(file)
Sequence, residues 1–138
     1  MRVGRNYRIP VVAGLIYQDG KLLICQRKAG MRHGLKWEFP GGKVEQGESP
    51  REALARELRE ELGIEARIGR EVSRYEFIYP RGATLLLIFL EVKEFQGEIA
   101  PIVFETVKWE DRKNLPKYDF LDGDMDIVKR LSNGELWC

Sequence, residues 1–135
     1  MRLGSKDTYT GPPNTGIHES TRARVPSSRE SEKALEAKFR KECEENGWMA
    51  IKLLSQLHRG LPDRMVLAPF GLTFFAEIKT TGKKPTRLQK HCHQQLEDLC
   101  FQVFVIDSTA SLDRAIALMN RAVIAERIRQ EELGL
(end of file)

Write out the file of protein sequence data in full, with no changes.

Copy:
Sequence, residues 1–138
     1  MRVGRNYRIP VVAGLIYQDG KLLICQRKAG MRHGLKWEFP GGKVEQGESP
    51  REALARELRE ELGIEARIGR EVSRYEFIYP RGATLLLIFL EVKEFQGEIA
   101  PIVFETVKWE DRKNLPKYDF LDGDMDIVKR LSNGELWC

Sequence, residues 1–135
     1  MRLGSKDTYT GPPNTGIHES TRARVPSSRE SEKALEAKFR KECEENGWMA
    51  IKLLSQLHRG LPDRMVLAPF GLTFFAEIKT TGKKPTRLQK HCHQQLEDLC
   101  FQVFVIDSTA SLDRAIALMN RAVIAERIRQ EELGL